ASA Adjudication on Isiris Racing Services
Isiris Racing Services
PO Box 17North Seaton
15 February 2012
Number of complaints:
A press ad, in the Racing Post for a betting tipster service, seen on 15 November 2011, stated "WIN FIRST - PAY LATER!! Yes - let your bookmaker pay your ISIRIS annual fees for you. The 2012 annual fee is £1,695 with the remainder of 2011 thrown in for free. Simply pay a £500 deposit to cover our administration costs and then do not pay one further penny of your fees until AFTER you have won a minimum of £1,695 in your own pocket."
Lord David Lipsey, vice-Chair of the All-Party Parliamentary Group on Betting and Gaming and member of the Starting price Regulatory Commission, and acting in a personal capacity, challenged whether the description of the £500 payment as "to cover our administration costs" was misleading and exaggerated the costs associated with providing the service.
CAP Code (Edition 12)
Isiris stated they were not prepared to outline what their costs were. They said the ad stated the amount payable and the reader could make a choice as to whether to pay the charge or look elsewhere.
We noted that the "a £500 deposit" was intended "to cover our administration costs", but that the advertisers had not provided any detail relating to the nature of the costs covered by the £500. Without additional information relating to what costs were incurred by the advertisers' administrative process, we considered that some consumers would consider that £500 was a high sum to cover administrative tasks relating to a betting tipster service.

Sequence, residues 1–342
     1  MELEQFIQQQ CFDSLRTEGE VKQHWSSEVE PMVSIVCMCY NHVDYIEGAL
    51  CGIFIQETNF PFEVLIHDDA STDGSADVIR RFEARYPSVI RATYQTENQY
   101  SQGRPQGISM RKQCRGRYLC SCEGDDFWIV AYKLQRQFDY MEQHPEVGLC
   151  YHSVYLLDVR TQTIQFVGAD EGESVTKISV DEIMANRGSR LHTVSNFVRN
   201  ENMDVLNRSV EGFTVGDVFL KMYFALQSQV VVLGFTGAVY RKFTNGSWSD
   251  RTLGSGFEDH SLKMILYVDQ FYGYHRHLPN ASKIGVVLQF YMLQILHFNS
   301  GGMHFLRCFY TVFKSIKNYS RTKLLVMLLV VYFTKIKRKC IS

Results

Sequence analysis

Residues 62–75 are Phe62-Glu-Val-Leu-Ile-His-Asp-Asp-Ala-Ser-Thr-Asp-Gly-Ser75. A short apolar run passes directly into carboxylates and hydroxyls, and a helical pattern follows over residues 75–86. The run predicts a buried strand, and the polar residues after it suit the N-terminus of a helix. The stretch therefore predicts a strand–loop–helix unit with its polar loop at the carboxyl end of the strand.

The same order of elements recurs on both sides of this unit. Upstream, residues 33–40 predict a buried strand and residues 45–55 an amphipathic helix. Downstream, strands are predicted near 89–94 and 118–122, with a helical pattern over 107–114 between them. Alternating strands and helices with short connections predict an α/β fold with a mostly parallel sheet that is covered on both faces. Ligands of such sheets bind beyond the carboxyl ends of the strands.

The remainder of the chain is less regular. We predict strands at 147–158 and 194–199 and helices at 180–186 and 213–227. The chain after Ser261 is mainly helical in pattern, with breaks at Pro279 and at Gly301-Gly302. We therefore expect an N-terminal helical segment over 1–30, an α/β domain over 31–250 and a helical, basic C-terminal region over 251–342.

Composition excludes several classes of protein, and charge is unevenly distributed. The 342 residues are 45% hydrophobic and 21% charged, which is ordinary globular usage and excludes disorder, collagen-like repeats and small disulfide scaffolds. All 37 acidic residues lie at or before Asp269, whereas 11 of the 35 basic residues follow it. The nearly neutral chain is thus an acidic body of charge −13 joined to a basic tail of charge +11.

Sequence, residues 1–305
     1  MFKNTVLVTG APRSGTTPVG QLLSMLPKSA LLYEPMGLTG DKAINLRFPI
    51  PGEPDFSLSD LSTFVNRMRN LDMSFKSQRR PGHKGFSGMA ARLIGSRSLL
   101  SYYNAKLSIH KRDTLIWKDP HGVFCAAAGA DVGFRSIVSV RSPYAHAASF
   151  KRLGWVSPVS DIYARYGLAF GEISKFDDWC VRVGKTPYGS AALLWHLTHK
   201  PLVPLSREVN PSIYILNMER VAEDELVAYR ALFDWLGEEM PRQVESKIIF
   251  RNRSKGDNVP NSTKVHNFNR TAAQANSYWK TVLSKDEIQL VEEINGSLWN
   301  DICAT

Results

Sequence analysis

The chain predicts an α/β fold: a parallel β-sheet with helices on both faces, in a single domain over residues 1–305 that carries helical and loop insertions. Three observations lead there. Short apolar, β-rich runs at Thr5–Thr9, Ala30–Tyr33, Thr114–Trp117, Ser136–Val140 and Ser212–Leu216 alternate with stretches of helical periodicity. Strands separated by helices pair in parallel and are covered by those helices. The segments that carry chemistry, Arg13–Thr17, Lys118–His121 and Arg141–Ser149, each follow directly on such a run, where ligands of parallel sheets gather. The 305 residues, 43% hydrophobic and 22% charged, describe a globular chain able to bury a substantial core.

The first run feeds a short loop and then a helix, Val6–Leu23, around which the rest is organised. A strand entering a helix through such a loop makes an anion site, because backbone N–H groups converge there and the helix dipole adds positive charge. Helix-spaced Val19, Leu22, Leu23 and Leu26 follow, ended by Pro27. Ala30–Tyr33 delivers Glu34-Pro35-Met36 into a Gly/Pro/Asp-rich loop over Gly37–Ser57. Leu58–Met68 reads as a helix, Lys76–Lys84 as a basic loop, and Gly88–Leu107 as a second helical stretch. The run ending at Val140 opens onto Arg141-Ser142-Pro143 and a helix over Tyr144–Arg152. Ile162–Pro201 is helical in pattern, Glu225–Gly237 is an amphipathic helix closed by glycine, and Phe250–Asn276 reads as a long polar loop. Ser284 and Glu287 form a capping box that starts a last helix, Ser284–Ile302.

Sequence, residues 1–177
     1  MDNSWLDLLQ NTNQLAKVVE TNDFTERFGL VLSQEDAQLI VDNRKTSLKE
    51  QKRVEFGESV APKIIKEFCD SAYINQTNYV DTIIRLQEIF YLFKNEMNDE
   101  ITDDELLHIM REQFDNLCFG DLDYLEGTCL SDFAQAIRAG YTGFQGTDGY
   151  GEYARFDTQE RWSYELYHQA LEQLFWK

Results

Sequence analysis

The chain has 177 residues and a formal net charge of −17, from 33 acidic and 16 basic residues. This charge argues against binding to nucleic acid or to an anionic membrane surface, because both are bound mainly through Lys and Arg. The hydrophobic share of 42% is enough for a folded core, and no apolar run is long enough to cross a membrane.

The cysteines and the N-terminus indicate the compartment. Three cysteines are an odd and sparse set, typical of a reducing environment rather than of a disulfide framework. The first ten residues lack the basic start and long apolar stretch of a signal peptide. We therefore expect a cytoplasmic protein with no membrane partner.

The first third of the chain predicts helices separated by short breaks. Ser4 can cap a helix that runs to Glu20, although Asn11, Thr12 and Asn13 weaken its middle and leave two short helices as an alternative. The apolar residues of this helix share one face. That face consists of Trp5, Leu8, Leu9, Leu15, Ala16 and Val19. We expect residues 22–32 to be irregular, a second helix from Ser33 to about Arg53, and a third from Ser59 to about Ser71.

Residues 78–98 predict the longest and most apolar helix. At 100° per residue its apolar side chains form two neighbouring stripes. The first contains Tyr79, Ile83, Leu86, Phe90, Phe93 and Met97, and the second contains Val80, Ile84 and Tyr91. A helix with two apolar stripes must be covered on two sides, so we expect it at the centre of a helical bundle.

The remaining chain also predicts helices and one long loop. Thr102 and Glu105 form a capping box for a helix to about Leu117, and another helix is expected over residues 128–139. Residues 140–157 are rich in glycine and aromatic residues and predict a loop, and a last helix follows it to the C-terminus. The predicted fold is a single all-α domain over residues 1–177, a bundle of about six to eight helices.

Although we considered that some consumers might understand the claim "a £500 deposit to cover our administration costs" in more general terms, to mean, for example, that the £500 would be specifically used in the running of the business, to cover general running costs and their business outgoings, we nonetheless noted we had not seen any evidence to show what expense the £500 related to and how it was used in the running of the business.
On that basis, because we had not been provided with any further information, or seen any evidence to show that how the payment was used "to cover our administration costs", we concluded that the claim was likely to mislead.
The ad breached CAP Code (Edition 12) rules 3.1, 3.3, 3.4.6 (Misleading advertising), 3.7 (Substantiation), 3.9 (Qualification) and 3.17 (Prices).
The ad must not appear again in its current form.